Turning now to FIGURE 9, another form of the rigid member is provided which omits perforated line 20. The reference numerals in FIGURE 9 correspond to those in FIGURES 1-7, Where repeated, and the discussions regarding FIGURES 1-7 may be referred to for identification. Provided in the rigid member of FIGURE 9, there is a slot 71 in portion 10e having perforated lines 72 extending therefrom to adjacent fold line 13 defining a tab 70. In opening the package, tab is pulled out exposing the folded under edge of the envelope, which is free for insertion of a knife between the folded edge and the adjacent envelope proper. The knife is inserted in slot 71, enlarged by removal of tab 70, with the blade of the knife being directed beneath the fold and toward the fold line of the envelope.

As shown in FIGURE 10, the knife edge faces the edge of the package adjacent slot 71 and tab 70 with the blade between fold 44 and the remainder of the envelope. Fold 44 is secured to portion 10c by adhesive 15 and 17, as are other portions of envelope 30. Cutting action with a knife causes a cut through board 10 laterally from slot 71 and also initiates a cut along the edge of envelope 30 through both the covering portion and base portion, while fold 44 and the remainder of the envelope are still secured to rigid member 10 so thatthe knife blade can provide sufficient shear force to the envelope to open the same. The cut proceeds down the envelope to the other end of the envelope and the covering portion and base portion of the envelope can thereupon be separated for removal of contents.

The rigid member, e.g. U-board, and envelope may be supplied separately or partially assembled by a packaging material source to a packager and the packager may include the substance to be packaged within the envelope or between films from which the envelope is to be constructed and thereafter assemble or finish assembling the package. Thus, the present invention also provides an envelope or enclosure member, which may be a partially formed or partially closed envelope or one or more films adapted to be assembled to form an envelope, and a rigid member, the envelope member and rigid member being adapted to be assembled with each other to form a package, e.g. as described hereinabove. I It is apparent from the foregoing that there has been provided a new and useful means for rendering packaged materials, such as packaged food stulfs, more readily openable. This packaging improvement is provided by a rigid member which is secured to both sides of a portion of flexible package enclosing member and which is adapted to permit ease in tearing or cutting of the envelope exerting shear pressure on the packaging material held between rigid member portions.

I claim:

1. A packaging member comprising a stiff backing member for backing an envelope, stiff fiap means integral with said backing member, fold-line means between said backing member and flap means, first weakened line means in said backing member extending from a first edge portion of said backing member to a second edge portion of said backing member spaced generally across said backing member from said first edge portion, said flap means being foldable along said fold-line means for overlying said backing member at said first and second edge portions, adhesive means on the flap means for securing an envelope between said fiap means and backing member, and second weakened line means in said flap means shaped to overlie and generally register with said first weakened line means at said first and second edge portions with said flap means folded upon said backing member, whereby said first and second weakened line means define a tear-line extending from said first edge portion and across said stiff member to said second edge portion.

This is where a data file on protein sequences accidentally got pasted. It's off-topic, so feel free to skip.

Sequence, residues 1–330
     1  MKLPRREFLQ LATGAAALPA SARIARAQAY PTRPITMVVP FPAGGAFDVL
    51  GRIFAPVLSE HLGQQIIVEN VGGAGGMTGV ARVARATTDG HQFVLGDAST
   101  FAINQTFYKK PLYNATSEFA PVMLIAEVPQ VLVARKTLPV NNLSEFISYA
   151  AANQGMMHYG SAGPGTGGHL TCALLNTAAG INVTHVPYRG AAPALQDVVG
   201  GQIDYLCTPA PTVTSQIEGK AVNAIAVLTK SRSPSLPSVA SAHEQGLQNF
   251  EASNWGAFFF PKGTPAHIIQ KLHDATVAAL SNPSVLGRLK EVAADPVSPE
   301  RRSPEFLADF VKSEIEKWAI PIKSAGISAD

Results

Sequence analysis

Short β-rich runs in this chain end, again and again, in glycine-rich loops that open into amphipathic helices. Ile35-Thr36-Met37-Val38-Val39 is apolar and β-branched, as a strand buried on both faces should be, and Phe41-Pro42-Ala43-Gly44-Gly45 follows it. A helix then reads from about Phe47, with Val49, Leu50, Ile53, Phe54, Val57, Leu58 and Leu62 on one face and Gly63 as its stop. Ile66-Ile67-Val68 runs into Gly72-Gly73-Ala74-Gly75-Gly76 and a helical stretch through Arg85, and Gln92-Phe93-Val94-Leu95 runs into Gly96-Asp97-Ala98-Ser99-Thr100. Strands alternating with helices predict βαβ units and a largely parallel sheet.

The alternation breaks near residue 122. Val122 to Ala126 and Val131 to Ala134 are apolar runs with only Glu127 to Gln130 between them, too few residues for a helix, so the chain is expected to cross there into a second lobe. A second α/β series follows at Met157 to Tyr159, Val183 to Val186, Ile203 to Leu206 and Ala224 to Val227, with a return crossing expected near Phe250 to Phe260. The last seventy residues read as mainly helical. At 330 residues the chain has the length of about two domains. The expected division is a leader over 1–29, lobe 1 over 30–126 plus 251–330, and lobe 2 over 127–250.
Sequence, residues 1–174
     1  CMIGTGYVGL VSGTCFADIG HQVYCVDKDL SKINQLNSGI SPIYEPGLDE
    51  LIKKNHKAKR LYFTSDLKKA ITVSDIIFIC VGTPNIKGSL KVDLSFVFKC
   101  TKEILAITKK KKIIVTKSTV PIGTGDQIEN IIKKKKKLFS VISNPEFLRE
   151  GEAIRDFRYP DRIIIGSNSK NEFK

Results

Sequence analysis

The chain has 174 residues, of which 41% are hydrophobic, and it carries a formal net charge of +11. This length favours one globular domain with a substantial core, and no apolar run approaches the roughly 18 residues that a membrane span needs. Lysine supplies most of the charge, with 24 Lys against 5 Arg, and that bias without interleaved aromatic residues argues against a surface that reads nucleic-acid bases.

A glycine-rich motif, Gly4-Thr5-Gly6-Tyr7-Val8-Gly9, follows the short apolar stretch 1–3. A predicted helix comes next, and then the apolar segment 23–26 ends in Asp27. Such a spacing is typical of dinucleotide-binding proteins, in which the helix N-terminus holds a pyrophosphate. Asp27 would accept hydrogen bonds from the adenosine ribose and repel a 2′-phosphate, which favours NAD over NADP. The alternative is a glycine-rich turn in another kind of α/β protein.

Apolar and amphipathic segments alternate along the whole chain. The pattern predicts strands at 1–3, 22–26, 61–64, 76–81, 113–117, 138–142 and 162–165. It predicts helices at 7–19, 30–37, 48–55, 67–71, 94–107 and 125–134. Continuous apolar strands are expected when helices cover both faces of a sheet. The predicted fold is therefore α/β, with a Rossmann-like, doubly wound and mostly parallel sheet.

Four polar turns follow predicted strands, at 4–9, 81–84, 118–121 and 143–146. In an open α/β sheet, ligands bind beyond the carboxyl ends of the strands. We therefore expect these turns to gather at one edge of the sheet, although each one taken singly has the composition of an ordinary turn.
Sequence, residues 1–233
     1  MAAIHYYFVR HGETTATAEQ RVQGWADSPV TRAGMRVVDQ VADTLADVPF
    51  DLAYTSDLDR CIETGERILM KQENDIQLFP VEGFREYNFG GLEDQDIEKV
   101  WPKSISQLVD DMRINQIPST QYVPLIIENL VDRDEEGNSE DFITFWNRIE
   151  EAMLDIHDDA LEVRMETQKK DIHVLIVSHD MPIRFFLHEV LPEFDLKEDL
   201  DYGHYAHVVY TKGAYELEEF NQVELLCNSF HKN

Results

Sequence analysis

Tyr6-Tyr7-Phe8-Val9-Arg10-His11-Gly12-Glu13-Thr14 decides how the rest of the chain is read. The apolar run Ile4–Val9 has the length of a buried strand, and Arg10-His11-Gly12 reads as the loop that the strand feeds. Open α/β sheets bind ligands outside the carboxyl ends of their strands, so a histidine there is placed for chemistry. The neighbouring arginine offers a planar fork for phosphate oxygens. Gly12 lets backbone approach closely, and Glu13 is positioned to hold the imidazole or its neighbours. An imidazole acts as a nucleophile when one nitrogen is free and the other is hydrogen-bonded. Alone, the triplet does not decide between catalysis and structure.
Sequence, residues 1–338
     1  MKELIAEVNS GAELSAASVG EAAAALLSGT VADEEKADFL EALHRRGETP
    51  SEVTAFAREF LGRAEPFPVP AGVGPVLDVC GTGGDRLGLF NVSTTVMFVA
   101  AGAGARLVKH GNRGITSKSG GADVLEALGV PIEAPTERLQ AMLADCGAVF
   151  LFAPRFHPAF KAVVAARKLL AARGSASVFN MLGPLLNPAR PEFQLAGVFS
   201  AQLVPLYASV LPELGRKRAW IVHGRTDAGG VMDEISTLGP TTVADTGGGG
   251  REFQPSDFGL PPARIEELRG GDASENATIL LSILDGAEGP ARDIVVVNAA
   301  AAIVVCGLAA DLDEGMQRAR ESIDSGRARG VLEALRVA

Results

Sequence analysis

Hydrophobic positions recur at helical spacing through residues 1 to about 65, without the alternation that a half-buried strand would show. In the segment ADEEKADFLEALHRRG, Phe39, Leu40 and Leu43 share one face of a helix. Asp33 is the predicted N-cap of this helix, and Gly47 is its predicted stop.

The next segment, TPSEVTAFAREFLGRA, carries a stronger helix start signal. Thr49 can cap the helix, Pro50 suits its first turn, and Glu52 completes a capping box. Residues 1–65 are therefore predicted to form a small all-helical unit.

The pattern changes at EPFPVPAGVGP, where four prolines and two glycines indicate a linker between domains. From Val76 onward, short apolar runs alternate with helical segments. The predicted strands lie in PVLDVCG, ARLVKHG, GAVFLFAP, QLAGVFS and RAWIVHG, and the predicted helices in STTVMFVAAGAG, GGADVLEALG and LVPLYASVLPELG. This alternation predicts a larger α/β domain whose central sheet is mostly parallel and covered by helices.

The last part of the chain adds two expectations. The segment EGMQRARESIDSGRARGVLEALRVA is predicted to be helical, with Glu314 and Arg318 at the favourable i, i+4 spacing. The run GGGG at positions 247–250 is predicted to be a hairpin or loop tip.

2. A packaging member comprising a stiff member, a first stiff flap on one edge of said stiff member, a first fold-line between said stiff member and said first flap, a second stiff flap on an opposing edge of said stiff member, a second fold-line between said second flap and said stiff member, said flaps being foldable upon said stiff member along said fold-lines for securing opposing edges of a plastic envelope between said flaps and stiff member, an elongated weakened line traversing said stiff member, said weakened line in association with said stiff member and atleast one of the flaps providing a tear-line in said stiff member extending and connecting edge portions of said stiff member spaced generally across said stiff member, and means for securing a plastic envelope between the flaps and stiff member at spaced positions along said weakened line respectively adjacent said spaced edge portions of said stiff member.

3. A packaging member comprising a stiff member, a first stiff flap on one edge of said member, a first foldline between said stiff member and said first flap, a second stiff flap on an opposing edge of said stiff member, a second fold-line between said second flap and said stiff member, and a weakened line traversing said first flap and first fold-line and extending into said stiff member, means for securing said flaps to opposing edges of a plastic envelope with said flaps folded upon the opposing plastic envelope edges and with the opposing plastic envelope edges between said flaps and said stiff member, the portion of said weakened line in said first flap aligning with the portion of said weakened line in said stiff mem ber to comprise a tear-line from said first fold-line through said first flap and stiff member with said flaps folded upon said stiff member.